wkelectric: 3 Cathode Follower RF stages and 2-tank regeneration
The Winther-Kenosha sets are unique for featuring cathode follower RF amplifiers. While many contemporary sets of the mid-1920's were likely to break into spurious oscillations, these sets never did because of the cathode follower architecture in the RF stages. The voltage gain for each RF stage is accomplished with a loosely coupled resonated voltage step-up transformer that is driven by the cathode of each stage or with a wide band untuned step-up iron core transformer. The Winther-Kenosha 71 Warwick is one of the better W-K sets with three cathode follower RF amplifiers and the grid leak detector has a transformer load at it's cathode to drive very well controlled regeneration over the second and third cathode follower RF stages. There is a total of 4 cathode followers in this set. See also the report on the Oriole 8 with a single cathode follower RF stage.
The measurements were taken with the volume control set to the 2/3 rotation just before it applies regeneration.
The first tank couples the antenna and ground inputs to the first cathode follower RF stage grid. This first tank is tuned independently with a variable capacitor. The second and third tanks in the two cathode follower RF stages are tuned with a ganged pair of variable capacitors. The predictable and stable input reactance of the cathode followers makes it possible for the tuned pair of tanks with a Q=125 to track very well over the entire AM band to better than 1%.
In conventional contemporary sets with grounded cathode triode RF stages, the effect of Milller capacitance from plate to grid depends on stage voltage gain, so that when filament power is adjusted, the stage tuning is altered slightly. Such an effect is greatly reduced with cathode followers because the feedback capacitance is from cathode to grid and in a much smaller amount as can be predicted by the ratio of gains from grid to plate on the order of 5 for grounded cathode or from grid to cathode on the order of 0.5. The cathode follower feeds back via parasitic capacitance on the order one tenth of the voltage of a grounded cathode stage. (The plate-grid Miller capacitance effect was very pronounced in the 10.7MHz pentode IF stages of non-neutralized FM tube radios of the 1950's and 1960's. IF alignment depended on signal strength as larger signals reduced stage gain with limiting or AGC.)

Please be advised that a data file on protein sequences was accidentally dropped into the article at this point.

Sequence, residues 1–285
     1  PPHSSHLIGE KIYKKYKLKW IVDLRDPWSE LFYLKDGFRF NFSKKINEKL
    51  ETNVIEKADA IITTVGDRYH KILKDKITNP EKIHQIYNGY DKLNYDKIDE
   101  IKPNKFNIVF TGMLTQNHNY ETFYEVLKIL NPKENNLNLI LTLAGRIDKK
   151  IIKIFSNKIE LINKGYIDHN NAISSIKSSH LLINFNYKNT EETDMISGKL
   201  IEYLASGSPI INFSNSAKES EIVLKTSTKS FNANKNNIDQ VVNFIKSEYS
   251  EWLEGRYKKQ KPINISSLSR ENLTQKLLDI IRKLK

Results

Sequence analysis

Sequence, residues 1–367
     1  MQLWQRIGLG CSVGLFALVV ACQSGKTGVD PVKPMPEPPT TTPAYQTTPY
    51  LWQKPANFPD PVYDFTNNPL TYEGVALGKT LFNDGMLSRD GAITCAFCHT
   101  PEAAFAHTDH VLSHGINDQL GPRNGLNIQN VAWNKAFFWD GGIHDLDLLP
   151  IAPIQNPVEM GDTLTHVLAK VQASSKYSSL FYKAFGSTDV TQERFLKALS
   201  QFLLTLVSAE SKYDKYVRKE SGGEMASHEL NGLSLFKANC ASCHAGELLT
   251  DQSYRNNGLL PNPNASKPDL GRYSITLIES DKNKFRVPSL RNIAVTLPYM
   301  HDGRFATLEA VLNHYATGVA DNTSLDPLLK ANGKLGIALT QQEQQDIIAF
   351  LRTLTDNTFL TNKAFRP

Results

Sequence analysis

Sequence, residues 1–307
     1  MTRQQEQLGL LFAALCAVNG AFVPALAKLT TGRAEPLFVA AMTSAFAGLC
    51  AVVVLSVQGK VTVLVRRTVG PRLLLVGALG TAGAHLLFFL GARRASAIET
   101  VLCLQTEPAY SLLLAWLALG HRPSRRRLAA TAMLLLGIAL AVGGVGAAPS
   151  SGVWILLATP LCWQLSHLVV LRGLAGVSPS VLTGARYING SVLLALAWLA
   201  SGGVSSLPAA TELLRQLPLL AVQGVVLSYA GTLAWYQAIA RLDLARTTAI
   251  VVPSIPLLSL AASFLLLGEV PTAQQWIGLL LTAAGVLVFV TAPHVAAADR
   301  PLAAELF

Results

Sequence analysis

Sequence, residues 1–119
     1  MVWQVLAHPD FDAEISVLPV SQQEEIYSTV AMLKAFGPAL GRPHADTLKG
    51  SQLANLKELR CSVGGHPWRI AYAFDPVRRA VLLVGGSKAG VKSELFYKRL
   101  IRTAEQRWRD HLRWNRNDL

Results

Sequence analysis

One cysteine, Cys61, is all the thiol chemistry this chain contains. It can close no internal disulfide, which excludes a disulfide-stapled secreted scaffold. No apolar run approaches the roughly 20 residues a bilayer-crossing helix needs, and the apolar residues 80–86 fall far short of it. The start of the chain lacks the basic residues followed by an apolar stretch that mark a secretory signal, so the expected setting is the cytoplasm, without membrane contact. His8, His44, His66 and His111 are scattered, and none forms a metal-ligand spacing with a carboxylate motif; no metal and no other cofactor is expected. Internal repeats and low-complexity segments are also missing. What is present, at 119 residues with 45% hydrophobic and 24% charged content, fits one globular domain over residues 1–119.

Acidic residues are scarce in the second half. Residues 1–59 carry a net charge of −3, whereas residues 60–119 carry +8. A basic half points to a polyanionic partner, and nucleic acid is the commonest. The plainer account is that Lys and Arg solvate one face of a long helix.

When the lowest tap of the antenna tank was used with a 30ft antenna, the dial for the first tank and the dial for the other two tanks tracked within one tick, or 1% of knob rotation over the entire band. This tap (1.2uH) is thus very lightly coupled into a high Q=100 tank (165uH) to avoid detuning and also avoid reducing the tank circuit Q. The highest tunable frequency was about 2MHz.
This lowest input coil tap was also useful to connect a large single turn wire loop antenna. The loop is made of AWG22 wire wound on the outside of the 6foot by 3foot book case where the radio sits and has about 8uH of inductance. There is no danger of feedback from the coils in the radio because this loop is in the same plane as the antenna coil and at right angles to the other two coils. The third cathode follower RF stage drives the grid leak detector with a wide-band step-up iron core transformer. This transformer is a small solenoid visible as a yellow tube on the lower left under the chassis. This antenna picked up less noise than a 30foot indoor wire antenna I have running near the ceiling. The improved noise immunity is attributable to the magnetic loop antenna being insensitive to the electric field that is usually more poluted with man-made interference. With this loop antenna, I pick up nearly all the same stations as with a modern radio.